Latest posts by Zoomer44

New allotment OMG...

Posted: 24/02/2015 at 20:42

Not very successful with peppers, the one's last year were small and thin, so much so I thought the labels had got mixed up with the chilli one's until they were tasted and had zero heat, so can't really recommend a good variety. Chillies - apache are prolific and cayene ad jalapeno produce good crops, they all dry well. I sometimes cheat with chillies, sow some seeds and also buy in one or two plants.  .   

I bought aubergine seeds in France last year, they are very generous with their seeds must be at least 200 seeds in the packet-Violette longue hative. I find aubergines easier to grow than peppers, seeds need sowing early though as they like a long growing season. 

I'll be starting chillies and aubergines off in the next few weeks but both are slow to get going, they don't usually put on any real growth until they go out in the GH.  .  

New allotment OMG...

Posted: 23/02/2015 at 22:27

You've worked had Victoria, do you have any help.

Woo2 - I've been growing veg about 6/7yrs. Started growing veg in pots and then graduated onto raised beds in the back garden and grew stuff in metre squares. Got a plastic GH and started growing chillies, toms and peppers. Was then given a 6 by 8 glass GH and added aubergines and cues to the list of stuff grown under glass.. 

I've grown strawberries and herbs for about 25yrs. I love strawberries and have always liked cooking with fresh herb and there's always been rubarb in the back garden.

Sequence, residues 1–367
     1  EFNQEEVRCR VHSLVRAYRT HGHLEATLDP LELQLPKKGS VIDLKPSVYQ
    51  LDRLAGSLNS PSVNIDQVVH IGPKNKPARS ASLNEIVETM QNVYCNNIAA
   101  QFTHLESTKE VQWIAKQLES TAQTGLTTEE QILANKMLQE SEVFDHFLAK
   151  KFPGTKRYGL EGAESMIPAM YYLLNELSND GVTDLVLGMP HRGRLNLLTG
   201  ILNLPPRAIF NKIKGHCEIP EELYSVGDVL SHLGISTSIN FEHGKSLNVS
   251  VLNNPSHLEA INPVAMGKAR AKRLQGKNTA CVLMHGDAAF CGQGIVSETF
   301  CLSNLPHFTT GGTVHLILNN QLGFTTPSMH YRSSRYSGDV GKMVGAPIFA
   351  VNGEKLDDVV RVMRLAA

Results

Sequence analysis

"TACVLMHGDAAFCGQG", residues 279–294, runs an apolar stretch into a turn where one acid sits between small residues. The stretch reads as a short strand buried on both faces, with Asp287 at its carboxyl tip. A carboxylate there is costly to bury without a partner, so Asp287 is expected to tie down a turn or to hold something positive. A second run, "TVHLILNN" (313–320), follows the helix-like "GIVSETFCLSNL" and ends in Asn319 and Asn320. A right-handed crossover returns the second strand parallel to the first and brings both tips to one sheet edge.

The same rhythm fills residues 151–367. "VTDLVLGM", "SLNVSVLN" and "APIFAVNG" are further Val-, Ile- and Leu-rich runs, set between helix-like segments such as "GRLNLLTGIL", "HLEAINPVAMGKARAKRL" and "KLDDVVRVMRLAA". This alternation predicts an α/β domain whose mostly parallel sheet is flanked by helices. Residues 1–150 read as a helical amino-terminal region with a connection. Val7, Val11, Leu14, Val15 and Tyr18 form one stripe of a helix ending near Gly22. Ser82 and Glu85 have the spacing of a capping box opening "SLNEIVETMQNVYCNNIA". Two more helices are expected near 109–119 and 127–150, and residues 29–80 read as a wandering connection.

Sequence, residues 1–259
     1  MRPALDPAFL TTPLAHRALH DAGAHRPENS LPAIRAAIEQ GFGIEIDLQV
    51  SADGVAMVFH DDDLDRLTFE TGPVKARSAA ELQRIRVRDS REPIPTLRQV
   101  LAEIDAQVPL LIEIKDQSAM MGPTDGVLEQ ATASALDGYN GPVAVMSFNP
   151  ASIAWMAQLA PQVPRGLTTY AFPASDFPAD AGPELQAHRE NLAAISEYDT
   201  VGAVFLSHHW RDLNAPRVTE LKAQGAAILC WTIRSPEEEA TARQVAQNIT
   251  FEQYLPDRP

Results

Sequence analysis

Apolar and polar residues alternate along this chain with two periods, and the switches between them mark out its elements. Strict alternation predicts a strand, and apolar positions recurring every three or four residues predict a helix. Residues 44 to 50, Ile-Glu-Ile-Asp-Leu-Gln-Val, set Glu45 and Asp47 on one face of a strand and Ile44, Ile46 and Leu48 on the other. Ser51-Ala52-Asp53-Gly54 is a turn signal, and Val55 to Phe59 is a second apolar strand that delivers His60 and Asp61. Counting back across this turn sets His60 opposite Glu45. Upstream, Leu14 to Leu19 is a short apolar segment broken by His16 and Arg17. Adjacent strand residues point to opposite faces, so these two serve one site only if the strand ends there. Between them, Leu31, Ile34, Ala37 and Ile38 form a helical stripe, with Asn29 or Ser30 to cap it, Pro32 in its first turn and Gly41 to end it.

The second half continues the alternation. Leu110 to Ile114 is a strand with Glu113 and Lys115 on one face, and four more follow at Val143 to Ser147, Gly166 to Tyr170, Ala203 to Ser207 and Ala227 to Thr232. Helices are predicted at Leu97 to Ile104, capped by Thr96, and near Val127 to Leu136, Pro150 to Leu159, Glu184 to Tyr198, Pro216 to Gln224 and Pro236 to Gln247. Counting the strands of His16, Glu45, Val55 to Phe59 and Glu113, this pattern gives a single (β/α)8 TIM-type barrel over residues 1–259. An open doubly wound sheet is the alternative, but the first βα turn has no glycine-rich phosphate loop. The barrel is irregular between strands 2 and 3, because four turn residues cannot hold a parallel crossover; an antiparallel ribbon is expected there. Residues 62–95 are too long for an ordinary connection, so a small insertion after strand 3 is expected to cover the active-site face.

ginagibbs - Our allotments are leased from the council, it's a self managed site so a committe is re-elected each yr to manage it, hence the AGM . It's agricultural land, no one wants it to become prime building landbut if we stray to much from the terms of the lease the council can take it back so we meet to discuss what was improved last yr, what will be improved this coming yr and if we are keeping to the terms of the lease.

Hoping to get down to the plot this weekend, weather premitting, to start digging  over the top part.

Chitting Tatties

Posted: 21/02/2015 at 23:32

I agree with Fc and Wo. The spuds shouldn't look shrivelled yet but smaller one's may do shortly before planting out.


New allotment OMG...

Posted: 19/02/2015 at 23:26

Attended the AGM  this evening. It was good to meet other allotmenteers, some I'd not seen or spoken to before.

plug plants

Posted: 18/02/2015 at 18:04

I love a bargin too but if it's too good to be true it usually is. You'll find they come as the tinniest of plants which will need potting up ASAP.

You won't be able to plant out until the last of the frost, possibly April at the earliest  so they would need potting up again...if you have the room, go ahead...but I wouldn't advise it...       

Earliest gardening memories?

Posted: 18/02/2015 at 17:34

I loved listening to my nanna talking about the war years when she grew veg in the back garden. I must have only been about 5 or 6. She grew stuff with her neighbours.